For weeks, Corbyn’s allies have spoken of their desire to remove general secretary Iain McNicol and deputy leader Tom Watson. But the former is now safe in his position, while the latter has been strengthened by his rapturously received speech.

Were Corbyn to eventually resign or be defeated, another left candidate (such as John McDonnell) would struggle to make the ballot. Nominations from 15 per cent of MPs are required but just six per cent are committed Corbynites (though selection contests and seat losses could aid their cause). It’s for this reason that allies of the leader are pushing for the threshold to be reduced to five per cent. Unless they succeed, the hard-left’s dominance is from assured. Were an alternative candidate, such as Clive Lewis or Angela Rayner, to succeed it would only be by offering themselves as a softer alternative.

Corbynite divisions are intensifying 

The divide between Corbyn’s supporters and opponents has recently monopolised attention. But the conference showed why divisions among the former should be interrogated.

Shadow defence secretary Clive Lewis, an early Corbyn backer, was enraged when his speech was amended to exclude a line announcing that Labour’s pro-Trident stance would not be reversed. Though Lewis opposes renewal, he regards unilateralism as an obstacle to unifying the party around a left economic programme. The longer Corbyn remains leader, the greater the tension between pragmatism and radicalism will become. Lewis may have alienated CND but he has improved his standing among MPs, some of whom hail him as a bridge between the hard and soft left.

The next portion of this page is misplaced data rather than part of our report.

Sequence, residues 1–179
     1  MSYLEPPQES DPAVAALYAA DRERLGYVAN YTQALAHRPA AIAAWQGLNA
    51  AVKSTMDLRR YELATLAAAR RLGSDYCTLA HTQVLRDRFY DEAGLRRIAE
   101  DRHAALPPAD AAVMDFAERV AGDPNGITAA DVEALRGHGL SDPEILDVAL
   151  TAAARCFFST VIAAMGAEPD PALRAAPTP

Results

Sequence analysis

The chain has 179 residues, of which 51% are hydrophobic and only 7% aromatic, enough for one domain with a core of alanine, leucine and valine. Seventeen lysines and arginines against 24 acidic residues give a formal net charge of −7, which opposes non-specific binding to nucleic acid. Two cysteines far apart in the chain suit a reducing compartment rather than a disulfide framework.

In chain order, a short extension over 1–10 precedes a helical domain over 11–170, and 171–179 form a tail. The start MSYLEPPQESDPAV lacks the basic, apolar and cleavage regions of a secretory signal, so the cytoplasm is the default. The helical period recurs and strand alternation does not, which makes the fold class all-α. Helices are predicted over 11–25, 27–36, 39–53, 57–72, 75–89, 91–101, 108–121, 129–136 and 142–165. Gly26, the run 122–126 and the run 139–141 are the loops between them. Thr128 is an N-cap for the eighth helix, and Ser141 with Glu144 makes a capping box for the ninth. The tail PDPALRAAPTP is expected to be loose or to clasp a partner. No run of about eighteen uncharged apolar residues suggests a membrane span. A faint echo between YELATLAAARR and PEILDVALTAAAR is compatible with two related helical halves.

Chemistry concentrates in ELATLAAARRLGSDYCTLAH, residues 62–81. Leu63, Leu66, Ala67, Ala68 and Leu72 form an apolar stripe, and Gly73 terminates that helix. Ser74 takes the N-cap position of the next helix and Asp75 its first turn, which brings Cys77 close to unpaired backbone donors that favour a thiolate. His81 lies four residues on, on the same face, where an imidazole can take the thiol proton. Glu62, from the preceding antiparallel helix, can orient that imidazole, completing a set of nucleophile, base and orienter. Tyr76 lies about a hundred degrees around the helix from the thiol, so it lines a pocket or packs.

Elsewhere, the briefing against McDonnell by Corbyn allies, who suggested he was an obstacle to recruiting frontbenchers, showed how tensions between their respective teams will continue.

Labour has accepted Brexit

Ninety four per cent of Labour MPs backed the Remain campaign during the EU referendum. But by a similar margin, they have accepted the Leave vote. Jeremy Corbyn and John McDonnell, both long-standing eurosceptics, confirmed that they would not seek to prevent Brexit.

Owen Smith called for a referendum on the eventual deal during his leadership campaign. But with some exceptions, such as Angela Eagle, most of his backers have rejected the idea. Though 48 per cent of the electorate voted Remain, MPs emphasise that only 35 per cent of constituencies did. Some still fear an SNP-style surge for Ukip if Labour seeks to overturn the outcome.

The debate has moved to Britain’s future relationship with Europe, most notably the degree of free movement. For Labour, like Theresa May, Brexit means Brexit.

Corbyn will not condemn deselections 

The Labour leader could have won credit from MPs by unambiguously condemning deselection attempts. But repeatedly invited to do so, he refused. Corbyn instead defended local parties’ rights and stated that the “vast majority” of MPs had nothing to fear (a line hardly reassuring to those who do). Angela Eagle, Stella Creasy and Peter Kyle are among the rebels targeted by activists.

Corbyn can reasonably point out that the rules remain the same as under previous leaders. MPs who lose trigger ballots of their local branches face a full and open selection. But Labour’s intensified divisions mean deselection has become a far greater threat. MPs fear that Corbyn relishes the opportunity to remake the parliamentary party in his own images.  And some of the leader’s allies hope to ease the process by reviving mandatory reselection. Unless Corbyn changes his line, the issue will spark continual conflict. 

George Eaton is political editor of the New Statesman.